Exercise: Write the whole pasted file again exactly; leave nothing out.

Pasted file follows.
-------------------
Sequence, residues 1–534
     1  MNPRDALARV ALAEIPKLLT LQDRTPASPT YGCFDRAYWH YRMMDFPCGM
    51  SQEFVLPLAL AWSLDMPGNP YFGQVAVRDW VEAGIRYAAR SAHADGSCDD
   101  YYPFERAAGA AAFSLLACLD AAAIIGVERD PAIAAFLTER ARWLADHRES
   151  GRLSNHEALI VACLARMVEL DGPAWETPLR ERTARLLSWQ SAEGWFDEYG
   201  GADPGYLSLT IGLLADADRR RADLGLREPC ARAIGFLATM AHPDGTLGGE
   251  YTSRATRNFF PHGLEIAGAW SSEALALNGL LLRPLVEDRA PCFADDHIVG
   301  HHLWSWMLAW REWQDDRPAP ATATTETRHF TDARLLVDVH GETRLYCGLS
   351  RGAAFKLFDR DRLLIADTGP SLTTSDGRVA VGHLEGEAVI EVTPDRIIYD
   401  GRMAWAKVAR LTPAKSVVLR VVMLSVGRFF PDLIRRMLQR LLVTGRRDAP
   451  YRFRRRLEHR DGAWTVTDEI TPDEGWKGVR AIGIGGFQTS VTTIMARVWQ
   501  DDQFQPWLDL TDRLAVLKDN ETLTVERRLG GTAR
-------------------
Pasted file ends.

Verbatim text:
Sequence, residues 1–534
     1  MNPRDALARV ALAEIPKLLT LQDRTPASPT YGCFDRAYWH YRMMDFPCGM
    51  SQEFVLPLAL AWSLDMPGNP YFGQVAVRDW VEAGIRYAAR SAHADGSCDD
   101  YYPFERAAGA AAFSLLACLD AAAIIGVERD PAIAAFLTER ARWLADHRES
   151  GRLSNHEALI VACLARMVEL DGPAWETPLR ERTARLLSWQ SAEGWFDEYG
   201  GADPGYLSLT IGLLADADRR RADLGLREPC ARAIGFLATM AHPDGTLGGE
   251  YTSRATRNFF PHGLEIAGAW SSEALALNGL LLRPLVEDRA PCFADDHIVG
   301  HHLWSWMLAW REWQDDRPAP ATATTETRHF TDARLLVDVH GETRLYCGLS
   351  RGAAFKLFDR DRLLIADTGP SLTTSDGRVA VGHLEGEAVI EVTPDRIIYD
   401  GRMAWAKVAR LTPAKSVVLR VVMLSVGRFF PDLIRRMLQR LLVTGRRDAP
   451  YRFRRRLEHR DGAWTVTDEI TPDEGWKGVR AIGIGGFQTS VTTIMARVWQ
   501  DDQFQPWLDL TDRLAVLKDN ETLTVERRLG GTAR